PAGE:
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13

OK then ffcast -s ffmpeg -r 15 -- -pix_fmt rgb24 out.gif I selected a region, did some vim, pressed q, got a .gif. (I ran that command in another terminal.) What happened? FFcast helps the user interactively select a screen region and hands over the geometry to an external command, such as FFmpeg, for screen recording. ffcast is the glorious ...


9

take a look at this: http://askubuntu.com/questions/107726/how-to-create-animated-gif-images-of-a-screencast/107735#107735 ..... After the Desktop Recorder has saved the recording into an OGV video, MPlayer will be used to capture JPEG screenshots, saving them into the 'output' directory. On a terminal: mplayer -ao null <video file name> -vo ...


9

If you are running Arch Linux I suppose you know how to install a rubygem. Take a look at https://rubygems.org/gems/airstream - a simple command-line-tool you can use to send remote and local image and video files to your apple-tv (tested with generation 3). If you need any help leave a comment on http://blog.lipautz.org/linux-and-apple-tv/.


8

The only way to do everything you ask is to rip a disk image of the DVD and then play the image. Any other process which doesn't preserve the exact format of the disk will likely remove one or more of the features you're after because DVD is a very specific variant of the MPEG-2 standard. DVD player programs — which you still have to use to interpret ...


8

This is pretty trivially done, since .srt files are just text files that contain time stamps -- all you need to do is add the length of cd1.avi to the times of all the subtitles in cd2.srt. You can find the length of cd1.avi with ffmpeg: ffmpeg -i cd1.avi # Look for the Duration: line And then add that to cd2.srt using srttool srttool -d 12345 -i ...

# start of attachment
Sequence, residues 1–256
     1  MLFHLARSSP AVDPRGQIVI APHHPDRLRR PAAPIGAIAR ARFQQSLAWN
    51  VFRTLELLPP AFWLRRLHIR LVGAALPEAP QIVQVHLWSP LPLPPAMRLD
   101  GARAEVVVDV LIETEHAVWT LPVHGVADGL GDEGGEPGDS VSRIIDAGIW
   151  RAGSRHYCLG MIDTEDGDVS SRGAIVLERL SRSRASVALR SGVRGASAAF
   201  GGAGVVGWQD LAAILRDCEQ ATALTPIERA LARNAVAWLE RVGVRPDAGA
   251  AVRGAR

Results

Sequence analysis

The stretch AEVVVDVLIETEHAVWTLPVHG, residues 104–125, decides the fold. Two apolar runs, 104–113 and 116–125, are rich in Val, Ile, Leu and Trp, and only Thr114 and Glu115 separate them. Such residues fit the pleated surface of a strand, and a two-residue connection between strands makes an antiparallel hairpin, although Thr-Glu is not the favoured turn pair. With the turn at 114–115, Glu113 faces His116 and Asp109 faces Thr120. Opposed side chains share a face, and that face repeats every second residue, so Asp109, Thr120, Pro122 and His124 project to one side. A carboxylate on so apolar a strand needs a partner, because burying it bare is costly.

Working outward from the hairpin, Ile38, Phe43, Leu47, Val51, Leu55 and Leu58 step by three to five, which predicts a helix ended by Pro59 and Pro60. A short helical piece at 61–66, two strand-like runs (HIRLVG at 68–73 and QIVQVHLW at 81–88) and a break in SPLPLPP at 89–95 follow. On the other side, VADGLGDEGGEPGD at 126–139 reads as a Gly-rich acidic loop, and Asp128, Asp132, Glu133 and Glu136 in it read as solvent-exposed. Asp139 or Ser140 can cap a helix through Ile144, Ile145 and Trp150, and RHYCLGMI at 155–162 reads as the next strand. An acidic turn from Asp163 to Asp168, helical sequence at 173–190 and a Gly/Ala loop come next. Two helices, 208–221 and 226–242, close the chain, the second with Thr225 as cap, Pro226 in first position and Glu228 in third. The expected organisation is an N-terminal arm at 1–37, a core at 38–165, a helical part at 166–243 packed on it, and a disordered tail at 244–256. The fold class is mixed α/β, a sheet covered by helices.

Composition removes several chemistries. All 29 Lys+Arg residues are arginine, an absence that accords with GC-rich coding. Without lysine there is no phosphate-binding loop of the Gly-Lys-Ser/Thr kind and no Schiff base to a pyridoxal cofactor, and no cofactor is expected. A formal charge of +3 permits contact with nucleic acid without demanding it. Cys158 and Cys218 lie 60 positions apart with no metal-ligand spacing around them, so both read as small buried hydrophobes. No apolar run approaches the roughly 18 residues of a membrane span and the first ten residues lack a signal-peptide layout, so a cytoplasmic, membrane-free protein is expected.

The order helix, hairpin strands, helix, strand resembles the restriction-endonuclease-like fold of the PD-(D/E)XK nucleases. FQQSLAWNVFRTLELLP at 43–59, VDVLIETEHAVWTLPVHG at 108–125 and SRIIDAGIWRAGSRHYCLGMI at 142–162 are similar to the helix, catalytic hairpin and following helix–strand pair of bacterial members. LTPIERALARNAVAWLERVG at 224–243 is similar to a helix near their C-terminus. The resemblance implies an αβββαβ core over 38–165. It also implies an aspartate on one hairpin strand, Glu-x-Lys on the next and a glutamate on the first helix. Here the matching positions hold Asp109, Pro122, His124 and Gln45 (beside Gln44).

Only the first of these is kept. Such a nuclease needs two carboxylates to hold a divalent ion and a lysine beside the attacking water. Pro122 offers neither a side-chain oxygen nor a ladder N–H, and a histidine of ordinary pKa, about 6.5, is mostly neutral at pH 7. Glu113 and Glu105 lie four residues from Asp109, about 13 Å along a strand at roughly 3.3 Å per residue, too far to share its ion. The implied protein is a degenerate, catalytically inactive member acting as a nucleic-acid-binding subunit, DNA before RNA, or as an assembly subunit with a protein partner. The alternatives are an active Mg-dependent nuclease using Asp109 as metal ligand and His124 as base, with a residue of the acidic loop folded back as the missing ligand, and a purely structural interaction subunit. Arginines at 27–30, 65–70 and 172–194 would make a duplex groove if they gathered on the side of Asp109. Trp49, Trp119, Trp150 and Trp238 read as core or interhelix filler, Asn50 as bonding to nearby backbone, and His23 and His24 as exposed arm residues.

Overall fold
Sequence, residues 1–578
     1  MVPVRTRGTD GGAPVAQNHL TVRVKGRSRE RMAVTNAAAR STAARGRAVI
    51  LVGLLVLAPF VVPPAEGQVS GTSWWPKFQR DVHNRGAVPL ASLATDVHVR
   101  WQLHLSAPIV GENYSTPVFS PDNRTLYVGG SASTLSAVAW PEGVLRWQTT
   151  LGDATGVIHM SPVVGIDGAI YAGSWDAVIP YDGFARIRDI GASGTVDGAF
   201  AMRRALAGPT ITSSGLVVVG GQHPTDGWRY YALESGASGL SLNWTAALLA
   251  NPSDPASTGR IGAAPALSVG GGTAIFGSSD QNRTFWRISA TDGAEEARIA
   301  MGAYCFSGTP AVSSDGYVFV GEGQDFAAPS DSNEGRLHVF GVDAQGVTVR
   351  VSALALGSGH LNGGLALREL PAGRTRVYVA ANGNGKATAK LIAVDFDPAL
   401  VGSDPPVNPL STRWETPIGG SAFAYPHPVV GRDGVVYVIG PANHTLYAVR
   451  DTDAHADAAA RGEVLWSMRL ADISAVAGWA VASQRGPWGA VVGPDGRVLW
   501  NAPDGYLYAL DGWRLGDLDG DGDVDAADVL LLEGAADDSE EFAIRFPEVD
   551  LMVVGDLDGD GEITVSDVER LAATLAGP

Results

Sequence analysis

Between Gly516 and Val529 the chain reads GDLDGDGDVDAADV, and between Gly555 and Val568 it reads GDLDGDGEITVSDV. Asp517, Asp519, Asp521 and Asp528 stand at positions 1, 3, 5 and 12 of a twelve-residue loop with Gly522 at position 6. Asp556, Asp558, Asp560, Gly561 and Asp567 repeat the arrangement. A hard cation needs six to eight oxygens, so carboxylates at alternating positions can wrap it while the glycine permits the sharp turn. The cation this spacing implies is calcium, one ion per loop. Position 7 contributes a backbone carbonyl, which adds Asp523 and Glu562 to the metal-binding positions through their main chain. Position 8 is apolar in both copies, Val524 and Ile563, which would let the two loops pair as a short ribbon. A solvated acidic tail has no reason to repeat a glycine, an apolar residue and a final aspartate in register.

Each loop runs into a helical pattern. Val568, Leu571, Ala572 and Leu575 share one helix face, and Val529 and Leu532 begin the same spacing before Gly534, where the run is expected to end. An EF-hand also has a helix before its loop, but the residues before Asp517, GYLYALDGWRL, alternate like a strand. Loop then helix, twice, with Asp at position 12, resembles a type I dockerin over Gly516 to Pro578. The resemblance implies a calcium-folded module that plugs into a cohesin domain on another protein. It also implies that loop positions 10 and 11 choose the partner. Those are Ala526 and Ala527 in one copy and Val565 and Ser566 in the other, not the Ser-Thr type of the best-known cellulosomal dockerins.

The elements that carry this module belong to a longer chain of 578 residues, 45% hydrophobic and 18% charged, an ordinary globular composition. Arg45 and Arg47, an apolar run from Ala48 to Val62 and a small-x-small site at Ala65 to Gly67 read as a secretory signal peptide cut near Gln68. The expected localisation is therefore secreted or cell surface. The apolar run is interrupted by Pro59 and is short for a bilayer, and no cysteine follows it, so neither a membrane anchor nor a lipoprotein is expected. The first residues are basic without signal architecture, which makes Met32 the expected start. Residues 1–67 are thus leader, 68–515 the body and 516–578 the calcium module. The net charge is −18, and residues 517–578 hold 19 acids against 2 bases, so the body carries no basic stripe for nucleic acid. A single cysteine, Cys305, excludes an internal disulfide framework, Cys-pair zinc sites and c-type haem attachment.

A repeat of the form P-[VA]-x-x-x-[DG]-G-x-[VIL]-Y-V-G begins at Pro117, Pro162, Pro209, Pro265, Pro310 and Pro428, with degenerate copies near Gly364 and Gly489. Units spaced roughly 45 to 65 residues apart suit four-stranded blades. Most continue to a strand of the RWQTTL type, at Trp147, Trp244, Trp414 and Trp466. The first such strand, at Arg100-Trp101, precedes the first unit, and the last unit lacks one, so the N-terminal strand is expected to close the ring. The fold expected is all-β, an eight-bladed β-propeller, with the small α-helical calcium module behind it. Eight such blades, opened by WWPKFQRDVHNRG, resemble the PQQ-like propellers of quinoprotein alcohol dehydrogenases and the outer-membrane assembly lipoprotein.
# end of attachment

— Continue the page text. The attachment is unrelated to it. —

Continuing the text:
8

If I understood you correctly, you want one animated gif that looks like 5 animated gifs playing in parallel, right? Imagemagick can do that (and much more). Probably even in one line of code, but I'll do it in several steps. Lets assume your gifs are called anim1.gif…anim5.gif and are each 100x100 pixels. #Combine anim1.gif and anim2.gif (first row) ...


7

For sure. Here are two suggestions: Behind the scenes CLI. Use V4L2VD to create a virtual video device such as /dev/videoVirt1 and pipe through mplayer for the effects. Even some similar examples in the notes. Use a fat desktop program such as webcamstudio to create the pipes and do your skype/broadcast wonders - still with mplayer for the ascii effect ...


6

Newer kernels use KMS by default, so you should move away from appending vga= to your grub line as it will conflict with the native resolution of KMS. However, it depends upon the video driver you are using: the proprietary Nvidia driver doesn't support KMS[1], but you can work around it. You should be able to get full resolution in the framebuffer by ...


6

According to X.org, the radeon driver is generally preferred over the radeonhd driver. This table says that you have an Evergreen chip. (That page also shows what features are implemented in the radeon driver for your chipset.)


5

There is software recordMyDesktop http://recordmydesktop.sourceforge.net/about.php which you can record any part of you screen you want. I use it to record my skype sessions. sudo apt-get install recordmydesktop to install it from main channels.